“Fine,” Tai-Vaughn said. “Do not talk to me.”
In the car, she offered him a hot pocket. “I don’t want anything from you,” he said.
Moore sometimes clashed with his teachers, but he had never disrespected his grandma before. After four or five days of his sullen silence, Day called the Wendt Center for Loss and Healing, which had run the camp, to find out what was going on.
Stephanie Handel, a child therapist, told Day to bring Tai-Vaughn in. Handel could see that the camp had opened him up to his feelings — and now he needed help dealing with them.
The Wendt Center is the resource you hope you never have to use. It stations therapists at the District’s morgue to help families who must identify a body. It leads workshops after school shootings to prevent retaliation. Following 9/11, the 2001 anthrax scare and the 2002 D.C. sniper attacks, its crisis management teams counseled victims and first responders.
About 7,000 people a year rely on the Wendt Center’s services, including 1,000 who, like Day and Tai-Vaughn, seek out individual, family or group therapy at the center’s offices in Northwest and Southeast Washington.
The word “cure” rarely passes the lips of therapists there. There’s no easy fix for clients such as Tai-Vaughn, whose father was charged with killing Tai-Vaughn’s mother when the boy was only 5.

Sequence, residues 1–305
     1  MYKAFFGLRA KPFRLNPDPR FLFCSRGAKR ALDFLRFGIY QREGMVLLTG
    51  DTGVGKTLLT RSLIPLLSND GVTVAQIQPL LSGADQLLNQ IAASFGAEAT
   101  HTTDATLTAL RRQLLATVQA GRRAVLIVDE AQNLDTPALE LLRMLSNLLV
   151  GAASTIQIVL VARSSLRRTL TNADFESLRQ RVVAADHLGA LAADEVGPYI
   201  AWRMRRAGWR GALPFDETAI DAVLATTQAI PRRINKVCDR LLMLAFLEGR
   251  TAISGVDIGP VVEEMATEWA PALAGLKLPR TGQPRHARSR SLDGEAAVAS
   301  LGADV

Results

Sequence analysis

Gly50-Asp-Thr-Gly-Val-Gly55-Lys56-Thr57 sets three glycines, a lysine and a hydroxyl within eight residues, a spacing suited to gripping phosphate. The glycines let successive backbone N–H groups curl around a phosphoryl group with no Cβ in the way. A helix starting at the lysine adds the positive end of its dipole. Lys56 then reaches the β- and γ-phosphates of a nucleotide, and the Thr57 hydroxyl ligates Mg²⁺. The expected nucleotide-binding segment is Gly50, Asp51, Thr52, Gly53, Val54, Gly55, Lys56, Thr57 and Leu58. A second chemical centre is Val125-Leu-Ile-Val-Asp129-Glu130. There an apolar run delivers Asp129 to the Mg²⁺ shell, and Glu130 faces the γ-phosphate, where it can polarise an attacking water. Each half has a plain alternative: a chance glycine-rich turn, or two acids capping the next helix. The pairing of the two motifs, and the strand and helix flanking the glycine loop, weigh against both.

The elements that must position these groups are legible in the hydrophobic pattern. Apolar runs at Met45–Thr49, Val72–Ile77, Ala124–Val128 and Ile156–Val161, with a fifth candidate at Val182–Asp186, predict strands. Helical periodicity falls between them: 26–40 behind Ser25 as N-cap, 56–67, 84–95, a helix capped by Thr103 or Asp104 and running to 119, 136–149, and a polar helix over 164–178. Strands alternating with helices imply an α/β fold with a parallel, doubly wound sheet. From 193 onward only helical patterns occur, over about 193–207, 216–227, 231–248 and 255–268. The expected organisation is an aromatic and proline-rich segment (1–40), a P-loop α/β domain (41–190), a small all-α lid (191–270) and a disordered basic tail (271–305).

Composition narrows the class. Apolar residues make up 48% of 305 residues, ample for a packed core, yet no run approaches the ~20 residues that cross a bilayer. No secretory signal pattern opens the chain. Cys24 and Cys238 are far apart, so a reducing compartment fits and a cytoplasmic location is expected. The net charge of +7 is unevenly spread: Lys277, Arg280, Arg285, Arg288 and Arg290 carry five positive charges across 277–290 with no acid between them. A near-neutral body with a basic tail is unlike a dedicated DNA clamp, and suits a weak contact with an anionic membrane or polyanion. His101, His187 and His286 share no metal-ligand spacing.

Instead, there is only “your new normal,” which is what Day said Handel told her when she brought Tai-Vaughn in. That new normal is what their lives have been ever since.
A heavy load to carry
Tai-Vaughn’s world shattered on Nov. 9, 2002.
Day was at a conference in Ocean City, but her daughter, 23-year-old Danielle Hurley, kept calling. Hurley and her boyfriend, Tai-Vaughn’s father, were fighting over who should buy the boy’s winter clothes.
When Hurley drove up to the boyfriend to pick up money from him, he allegedly pulled out a gun and shot her through the jugular. Tai-Vaughn sat in the passenger seat, watching.
Police charged the boyfriend with murder, but his lawyer painted Tai-Vaughn as an unreliable witness, suggesting he was too young to tell truth from lies. No one else had seen Hurley’s death. The boyfriend was acquitted.
There was no question that Day would take in Tai-Vaughn. But her job as a conference planner required overtime and travel, and her supervisors noticed that her attention was divided. She was laid off five months after her daughter’s death.
Day found a new job as a construction project secretary. Other challenges were harder to resolve. Tai-Vaughn wasn’t old enough to process what had happened to his mom, and he still loved his father and saw him almost every day. Day struggled with an appropriate response to her grandson’s emotions.